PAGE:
Letters to the Editor

Include lonely seniors in your life

After 25 years as an emergency physician, I left the ER and started a housecall-only practice for Medicare patients. For the past four years, I have served as a primary care physician, visiting my patients where they live — in their homes and apartments, their assisted living facilities, or their residential care homes.

Although some of my patients are reasonably healthy, most are frail and weak. My oldest patient is 107 and still walks herself to her meals each day. A significant number have such advanced dementia that they don’t remember who I am. Some can no longer speak or communicate in any way. I also routinely care for hospice patients, as they approach the end of life.

Despite all these adversities, my happiest patients are those with family and friends who care about them. These lucky seniors get regular phone calls, frequent visits, and even get taken out of their facilities or homes for a simple meal or ride to the beach.

Which brings me to the purpose of this article: My saddest patients are the ones who never get visited. Their Thanksgivings are spent with caregivers, or worse, alone. Their Christmases are lived vicariously through the television or perhaps distant memories. The facilities where they live do a terrific job to brighten up their lives, but to be honest, they cannot substitute for a loving friend or family member.

Yesterday, I asked a couple of my patients what their plans were for Christmas.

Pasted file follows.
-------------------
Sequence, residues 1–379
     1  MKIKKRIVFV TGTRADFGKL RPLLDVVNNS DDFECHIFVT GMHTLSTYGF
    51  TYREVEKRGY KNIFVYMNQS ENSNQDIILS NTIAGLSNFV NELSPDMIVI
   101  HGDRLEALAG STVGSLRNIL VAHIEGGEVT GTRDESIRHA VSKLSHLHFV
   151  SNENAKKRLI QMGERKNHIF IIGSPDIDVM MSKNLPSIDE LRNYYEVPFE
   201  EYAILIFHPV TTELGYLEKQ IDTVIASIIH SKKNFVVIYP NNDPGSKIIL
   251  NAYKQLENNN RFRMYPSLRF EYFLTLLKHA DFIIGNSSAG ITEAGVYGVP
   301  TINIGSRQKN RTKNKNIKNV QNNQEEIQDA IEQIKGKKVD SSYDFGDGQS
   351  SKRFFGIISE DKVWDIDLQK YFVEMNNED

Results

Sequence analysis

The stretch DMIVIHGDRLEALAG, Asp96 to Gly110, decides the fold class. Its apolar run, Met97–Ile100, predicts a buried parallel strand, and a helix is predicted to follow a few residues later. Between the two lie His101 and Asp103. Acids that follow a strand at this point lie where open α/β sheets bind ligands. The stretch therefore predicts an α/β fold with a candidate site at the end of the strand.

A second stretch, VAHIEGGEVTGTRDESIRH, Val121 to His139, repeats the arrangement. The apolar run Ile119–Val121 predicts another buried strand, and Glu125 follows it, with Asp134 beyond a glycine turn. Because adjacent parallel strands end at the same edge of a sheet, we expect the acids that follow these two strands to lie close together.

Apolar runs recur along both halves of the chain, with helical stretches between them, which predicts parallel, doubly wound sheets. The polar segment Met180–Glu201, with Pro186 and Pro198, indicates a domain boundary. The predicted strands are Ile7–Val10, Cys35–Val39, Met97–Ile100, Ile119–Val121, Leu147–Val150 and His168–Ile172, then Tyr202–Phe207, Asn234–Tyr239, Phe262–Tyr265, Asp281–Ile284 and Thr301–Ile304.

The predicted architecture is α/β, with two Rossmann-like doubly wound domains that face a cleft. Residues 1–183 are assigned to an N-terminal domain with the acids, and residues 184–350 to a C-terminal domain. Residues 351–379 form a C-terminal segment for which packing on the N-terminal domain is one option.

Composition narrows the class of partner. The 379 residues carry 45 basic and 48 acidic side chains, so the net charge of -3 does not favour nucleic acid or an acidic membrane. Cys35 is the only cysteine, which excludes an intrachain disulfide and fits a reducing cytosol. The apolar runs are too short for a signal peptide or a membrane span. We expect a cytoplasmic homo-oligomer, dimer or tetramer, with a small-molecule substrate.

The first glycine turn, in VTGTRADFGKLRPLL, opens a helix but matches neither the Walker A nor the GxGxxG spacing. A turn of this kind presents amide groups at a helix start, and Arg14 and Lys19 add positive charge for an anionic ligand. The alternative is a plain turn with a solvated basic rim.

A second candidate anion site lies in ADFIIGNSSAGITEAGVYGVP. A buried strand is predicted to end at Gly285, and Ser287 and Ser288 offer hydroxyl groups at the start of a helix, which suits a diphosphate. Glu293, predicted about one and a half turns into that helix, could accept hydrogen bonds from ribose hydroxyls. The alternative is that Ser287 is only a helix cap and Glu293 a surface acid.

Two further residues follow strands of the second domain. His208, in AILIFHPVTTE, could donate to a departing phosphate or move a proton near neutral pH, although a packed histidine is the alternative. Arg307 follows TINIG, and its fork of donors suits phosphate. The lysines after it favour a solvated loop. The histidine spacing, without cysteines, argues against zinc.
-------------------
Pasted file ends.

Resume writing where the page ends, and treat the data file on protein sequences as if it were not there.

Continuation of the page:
“Nothing,” was the sad reply.

Seniors typically do not want to burden their families, knowing that to be picked up for a holiday celebration is no simple task. It can be inconvenient and troublesome. Wheelchairs may not fit easily in the car or the house. Food and drink may have to be modified. Schedules may have to reflect their shortened endurance to stay awake or away from their facility. As a result, many of my patients suffer in silence as their loved ones celebrate without them. But I see the sadness in their eyes, and have learned to carefully skirt the details of their holiday celebrations.

Could I put out a plea?

If you have friends or loved ones who live in a senior facility, or lives alone in their own home — make sure that they are included in your life during this holiday season. It can be as simple as joining them for a meal at their facility. Or taking them out for a drive to see the Christmas lights. Or best of all, picking them up and having them join your own celebration.

For many of my patients, the pleasures of life that we take for granted are no longer available.

Reading? Vision is too poor.

Music? Can’t hear it.

A walk outside? Far too frail to go more than a few feet.

But to simply sit with family or friends, basking in the laughter and love, is something that brings a light into their lives that will brighten their world far after the visit has ended. Cards and candy and gifts are nice, but the gift of time together is priceless. Please recognize your incredible potential to elevate a senior’s spirits simply by showing up in their life.

Steven Sainsbury is a local physician and resident of San Luis Obispo. He worked in the emergency room at Sierra Vista Regional Medical Center for 20 years before starting a housecallonly practice for seniors.